More then 5 moths ago – on Tuesday March the 19th to be precise – I received an email that would drastically change my life:
Dear Ms. Koziej,
Congratulations! You were selected as a Fulbright Belgium grantee.
For those of you who aren’t familiar, Fullbright is a scholarship that enables students or researchers from almost all over the world to experience one (or more) years of study or research at a North American university. The university of my choice was Johns Hopkins University in Baltimore, famous for it’s medical school and being the forerunner of the modern research university in the United States. I was particularly interested in their Humanities Centre and their Intellectual History program. Most American universities are horribly expensive, so you basically need a scholarship to finance this intellectual experience! That’s why I took a shot at the Fulbright… and I couldn’t believe my eyes when I got the news.
Preparing for my American adventure was exciting. The best experience was definitely the farewell reception at the US embassy in Brussels. Here, we could exchange our questions, fears, and excitement with the other Belgian scholars who where going to the United States. We also had the opportunity to meet the Fulbright board, some Fulbright alumni, and of course the former US ambassador Howard Gutman. On that night, I realized that Fulbright is much more than a financial aid, but rather a network of people with similar goals, despite different backgrounds and fields of work. They share the belief that knowledge and education can lead to a better world. For those of you who share this dream to study in the US, I wholeheartedly advise you to apply for the scholarship. In this movie, you hear me explain why you shouldn’t be afraid to try: http://www.youtube.com/watch?v=KvQIKb_jbvc.
I booked my ticket: the 13th of August was going to be the day! Before that, I had to say goodbye to my friends and family of course! My boyfriend Oskar helped me trow a goodbye party. It was a beautiful evening, on the hottest day of summer. It was a bitter-sweet night with friends, drinks, music and a lot of hugs and some tears.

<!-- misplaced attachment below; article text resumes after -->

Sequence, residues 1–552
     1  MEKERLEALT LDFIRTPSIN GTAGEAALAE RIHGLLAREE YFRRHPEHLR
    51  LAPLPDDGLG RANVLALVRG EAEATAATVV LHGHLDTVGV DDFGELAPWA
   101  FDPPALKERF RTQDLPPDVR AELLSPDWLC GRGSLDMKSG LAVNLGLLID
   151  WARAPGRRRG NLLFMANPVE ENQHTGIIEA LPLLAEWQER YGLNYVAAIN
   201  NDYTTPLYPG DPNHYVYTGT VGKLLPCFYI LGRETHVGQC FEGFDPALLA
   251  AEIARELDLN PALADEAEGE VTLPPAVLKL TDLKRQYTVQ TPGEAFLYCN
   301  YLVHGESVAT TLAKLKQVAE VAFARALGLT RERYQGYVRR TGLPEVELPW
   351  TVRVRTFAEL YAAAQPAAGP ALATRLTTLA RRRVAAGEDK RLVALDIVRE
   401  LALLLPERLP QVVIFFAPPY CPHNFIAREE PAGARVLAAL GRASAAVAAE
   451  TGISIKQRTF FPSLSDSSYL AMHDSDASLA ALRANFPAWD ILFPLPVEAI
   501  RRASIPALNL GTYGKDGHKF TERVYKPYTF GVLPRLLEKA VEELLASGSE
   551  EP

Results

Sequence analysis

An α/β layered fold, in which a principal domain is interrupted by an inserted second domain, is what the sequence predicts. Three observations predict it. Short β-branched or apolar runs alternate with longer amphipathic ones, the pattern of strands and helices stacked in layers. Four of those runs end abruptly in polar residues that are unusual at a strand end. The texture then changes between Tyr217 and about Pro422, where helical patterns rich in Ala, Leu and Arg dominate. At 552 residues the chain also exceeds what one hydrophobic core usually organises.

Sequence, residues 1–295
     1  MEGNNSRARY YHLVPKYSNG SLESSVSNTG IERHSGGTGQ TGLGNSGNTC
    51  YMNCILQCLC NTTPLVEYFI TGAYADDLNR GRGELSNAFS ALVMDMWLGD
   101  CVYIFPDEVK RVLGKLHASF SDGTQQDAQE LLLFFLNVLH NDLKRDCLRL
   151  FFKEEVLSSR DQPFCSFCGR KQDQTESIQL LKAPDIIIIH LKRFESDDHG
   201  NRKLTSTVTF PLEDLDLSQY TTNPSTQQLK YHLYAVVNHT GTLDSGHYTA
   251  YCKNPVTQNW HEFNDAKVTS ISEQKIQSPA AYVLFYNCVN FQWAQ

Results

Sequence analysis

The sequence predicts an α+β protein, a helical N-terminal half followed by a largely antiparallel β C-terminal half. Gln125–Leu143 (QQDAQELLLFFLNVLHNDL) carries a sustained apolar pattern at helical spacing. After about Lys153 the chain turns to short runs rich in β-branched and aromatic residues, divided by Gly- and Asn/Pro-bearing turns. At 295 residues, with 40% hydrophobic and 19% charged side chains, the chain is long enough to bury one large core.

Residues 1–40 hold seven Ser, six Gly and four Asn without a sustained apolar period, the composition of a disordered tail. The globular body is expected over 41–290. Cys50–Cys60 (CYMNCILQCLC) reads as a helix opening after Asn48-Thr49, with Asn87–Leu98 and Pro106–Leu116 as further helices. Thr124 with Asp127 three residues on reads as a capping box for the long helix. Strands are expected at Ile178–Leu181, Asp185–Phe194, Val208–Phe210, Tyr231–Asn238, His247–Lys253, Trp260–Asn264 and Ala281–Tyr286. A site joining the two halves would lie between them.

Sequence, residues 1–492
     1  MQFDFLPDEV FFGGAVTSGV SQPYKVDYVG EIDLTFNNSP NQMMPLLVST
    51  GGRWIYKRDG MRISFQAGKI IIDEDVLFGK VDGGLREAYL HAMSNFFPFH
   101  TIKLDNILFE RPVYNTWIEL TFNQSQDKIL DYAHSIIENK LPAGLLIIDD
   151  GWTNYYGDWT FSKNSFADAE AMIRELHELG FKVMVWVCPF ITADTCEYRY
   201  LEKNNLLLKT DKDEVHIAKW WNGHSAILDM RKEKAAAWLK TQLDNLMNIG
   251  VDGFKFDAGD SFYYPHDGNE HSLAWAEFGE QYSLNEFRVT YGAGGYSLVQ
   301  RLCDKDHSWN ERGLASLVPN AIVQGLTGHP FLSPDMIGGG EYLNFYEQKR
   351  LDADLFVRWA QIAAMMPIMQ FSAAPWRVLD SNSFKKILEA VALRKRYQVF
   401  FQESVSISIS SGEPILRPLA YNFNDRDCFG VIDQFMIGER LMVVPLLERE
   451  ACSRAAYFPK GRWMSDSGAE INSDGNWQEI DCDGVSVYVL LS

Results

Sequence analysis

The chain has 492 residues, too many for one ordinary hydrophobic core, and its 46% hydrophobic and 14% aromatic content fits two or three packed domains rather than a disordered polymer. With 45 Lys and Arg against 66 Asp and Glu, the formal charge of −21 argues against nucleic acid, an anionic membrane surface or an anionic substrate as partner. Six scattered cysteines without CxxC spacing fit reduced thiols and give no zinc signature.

My departure came closer and closer. I have to admit that I had a lot of troubles grasping that I would leave for one year. I became conscious of all the “last things”: last time going to the butcher, last time eating my mom’s soup, and last time walking in my hometown’s streets. And when it came to packing my bags or looking for housing in Baltimore, I found myself procrastinating. Everyone around me kept mentioning my departure, but it wouldn’t get trough – I wasn’t ready. I was afraid to leave my comfort zone, my boyfriend, friends and family. I felt reluctant to leave this all behind and step into the unknown. For the first time in years, I felt really at home, rooted, not restless any longer. Was I really deliberately going to step on an airplane and leave this all behind?
The 13th came sooner than expected. There I was, at the airport of Brussels with my 2 suitcases, leaving for my adventure. It felt so surreal, like I wasn’t fully conscious of the reason why I was here. My brother, mom and dad where with me and when I walked trough the gate and looked behind as they waved me goodbye, it finally hit me. I cried briefly. I felt frightened and alone. But only seconds later, I sighed and said to myself, “now it’s time to proof yourself Stephanie!” The sadness and fear made place for excitement and eagerness. I had this “American dream” since I was 8 years old, and I was going to live it, and take everything I could out of it!
[feel free to leave a comment below, in English or Dutch, it doesn’t matter!]